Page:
What happens when you cross improv theater with a popular social news and discussion website? You get r/WhatTheImprov, produced by Fearless Comedy Productions and playing monthly at Honey in Minneapolis. You also get adults laughing hysterically at other adults crawling on stage mooing at each other.
r/WhatTheImprov was developed by actor and Redditor Kyle Dekker. After a few years of reading the entertaining and not-so-entertaining comments on the site, Kyle decided to bring it to the stage. The actors request an audience member to use Reddit’s “random” feature, which takes you to a random subreddit within the site, and read aloud any comment on the page. The actors take that as their cue, and off they go—a much more interesting way of picking prompts than audience members hysterically shouting random inappropriate or generic words as suggestions.
The show debuted last month, and I showed up a little early so that I would have time to really check out the venue and get a good seat. If you’ve never been to Honey and aren’t familiar with the area, it can be a little tricky, as it’s cleverly hidden in the basement of Ginger Hop Restaurant near Nicollet Island in Northeast. The space is quaint and dark and has a full bar. Audience members sit at small tables, which is ideal for anyone ordering from the menu.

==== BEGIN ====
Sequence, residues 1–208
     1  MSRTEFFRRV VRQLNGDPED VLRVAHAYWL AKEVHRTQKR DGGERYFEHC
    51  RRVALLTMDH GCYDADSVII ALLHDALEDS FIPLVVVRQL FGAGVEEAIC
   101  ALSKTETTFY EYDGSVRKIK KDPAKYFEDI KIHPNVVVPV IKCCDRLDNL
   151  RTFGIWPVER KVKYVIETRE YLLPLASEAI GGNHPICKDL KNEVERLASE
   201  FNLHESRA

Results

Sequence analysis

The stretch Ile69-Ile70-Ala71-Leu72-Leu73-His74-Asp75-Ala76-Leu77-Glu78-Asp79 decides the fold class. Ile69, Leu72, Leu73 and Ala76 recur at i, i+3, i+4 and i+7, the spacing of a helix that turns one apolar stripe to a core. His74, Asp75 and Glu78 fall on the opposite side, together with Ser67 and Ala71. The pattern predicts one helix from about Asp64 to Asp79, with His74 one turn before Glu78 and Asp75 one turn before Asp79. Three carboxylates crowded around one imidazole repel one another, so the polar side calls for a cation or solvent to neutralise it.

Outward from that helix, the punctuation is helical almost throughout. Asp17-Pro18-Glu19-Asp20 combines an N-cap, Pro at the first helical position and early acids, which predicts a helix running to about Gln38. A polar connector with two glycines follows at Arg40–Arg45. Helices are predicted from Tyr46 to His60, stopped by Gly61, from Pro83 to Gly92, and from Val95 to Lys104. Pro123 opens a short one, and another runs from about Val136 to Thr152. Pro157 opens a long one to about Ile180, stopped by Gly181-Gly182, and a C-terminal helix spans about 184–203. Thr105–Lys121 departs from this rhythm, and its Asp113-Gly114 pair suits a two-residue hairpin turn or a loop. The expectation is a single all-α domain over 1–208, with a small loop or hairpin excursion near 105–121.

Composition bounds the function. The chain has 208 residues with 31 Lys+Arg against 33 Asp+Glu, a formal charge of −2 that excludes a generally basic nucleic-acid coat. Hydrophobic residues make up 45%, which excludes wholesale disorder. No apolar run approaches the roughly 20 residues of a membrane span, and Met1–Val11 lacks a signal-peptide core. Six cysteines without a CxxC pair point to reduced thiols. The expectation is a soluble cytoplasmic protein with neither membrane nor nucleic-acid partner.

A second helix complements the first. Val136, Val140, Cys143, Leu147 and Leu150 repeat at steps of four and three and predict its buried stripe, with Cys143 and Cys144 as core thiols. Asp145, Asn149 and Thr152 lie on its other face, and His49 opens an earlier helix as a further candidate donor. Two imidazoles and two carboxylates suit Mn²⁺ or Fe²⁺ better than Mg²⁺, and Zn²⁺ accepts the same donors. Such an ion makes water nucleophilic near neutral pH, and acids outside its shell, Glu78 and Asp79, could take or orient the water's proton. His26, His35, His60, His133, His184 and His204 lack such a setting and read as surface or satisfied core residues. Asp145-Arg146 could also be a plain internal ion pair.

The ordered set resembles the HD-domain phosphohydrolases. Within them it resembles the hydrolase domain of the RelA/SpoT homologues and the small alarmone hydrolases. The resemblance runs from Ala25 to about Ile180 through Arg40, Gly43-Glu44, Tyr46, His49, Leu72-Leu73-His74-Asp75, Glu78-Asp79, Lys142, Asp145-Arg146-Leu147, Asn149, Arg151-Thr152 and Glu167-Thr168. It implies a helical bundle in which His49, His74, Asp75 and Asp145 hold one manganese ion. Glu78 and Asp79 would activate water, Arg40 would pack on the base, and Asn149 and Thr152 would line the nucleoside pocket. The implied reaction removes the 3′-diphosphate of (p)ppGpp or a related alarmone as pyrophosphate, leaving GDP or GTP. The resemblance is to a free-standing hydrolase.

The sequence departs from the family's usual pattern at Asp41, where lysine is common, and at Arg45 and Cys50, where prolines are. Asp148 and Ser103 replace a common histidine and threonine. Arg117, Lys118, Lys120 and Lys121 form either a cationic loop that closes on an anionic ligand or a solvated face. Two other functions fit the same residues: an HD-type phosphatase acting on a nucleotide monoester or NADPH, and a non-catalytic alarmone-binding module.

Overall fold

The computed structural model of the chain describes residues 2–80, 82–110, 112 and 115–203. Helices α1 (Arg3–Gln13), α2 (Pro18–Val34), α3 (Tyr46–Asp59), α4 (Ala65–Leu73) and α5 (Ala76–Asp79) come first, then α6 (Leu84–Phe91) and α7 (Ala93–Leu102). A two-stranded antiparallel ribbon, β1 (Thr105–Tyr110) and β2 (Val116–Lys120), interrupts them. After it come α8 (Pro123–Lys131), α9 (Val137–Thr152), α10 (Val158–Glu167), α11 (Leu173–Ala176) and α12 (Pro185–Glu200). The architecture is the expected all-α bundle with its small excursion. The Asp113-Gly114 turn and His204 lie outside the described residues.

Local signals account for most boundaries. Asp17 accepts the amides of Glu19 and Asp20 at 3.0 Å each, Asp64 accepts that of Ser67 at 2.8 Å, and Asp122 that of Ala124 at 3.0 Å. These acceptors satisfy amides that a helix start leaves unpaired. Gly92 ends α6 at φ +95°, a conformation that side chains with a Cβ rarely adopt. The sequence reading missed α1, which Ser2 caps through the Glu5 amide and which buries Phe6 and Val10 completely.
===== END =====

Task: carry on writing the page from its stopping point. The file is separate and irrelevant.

As for the show itself, it was a great début night. All of the actors are relatively new to improv or had a long break between performances, but although there were a couple moments that didn’t quite strike the crowd, the overall performances were entertaining. Actors took mere seconds to start the scene once a comment was read. I particularly loved that callback to jokes was used, but not overdone. The flow was steadily paced and kept my attention.
r/WhatTheImprov starts out with long-form scenes with swipe cuts, and it amazes me how a scene can go from individuals talking about dirt to something completely different within a matter of minutes with reasonably seamless transitions. Three short scenes were also incorporated throughout the show, which were replayed in progressively shorter amounts of times—eventually the scenes were cut down to one second, with ridiculously entertaining results.
The show was the perfect length, and the venue’s parking time of three hours gave me and my guest enough time to enjoy a walk outside and check out some of the other bars around the block afterwards. The very reasonable price of $5 leaves room in the budget for dinner or drinks before or during the show.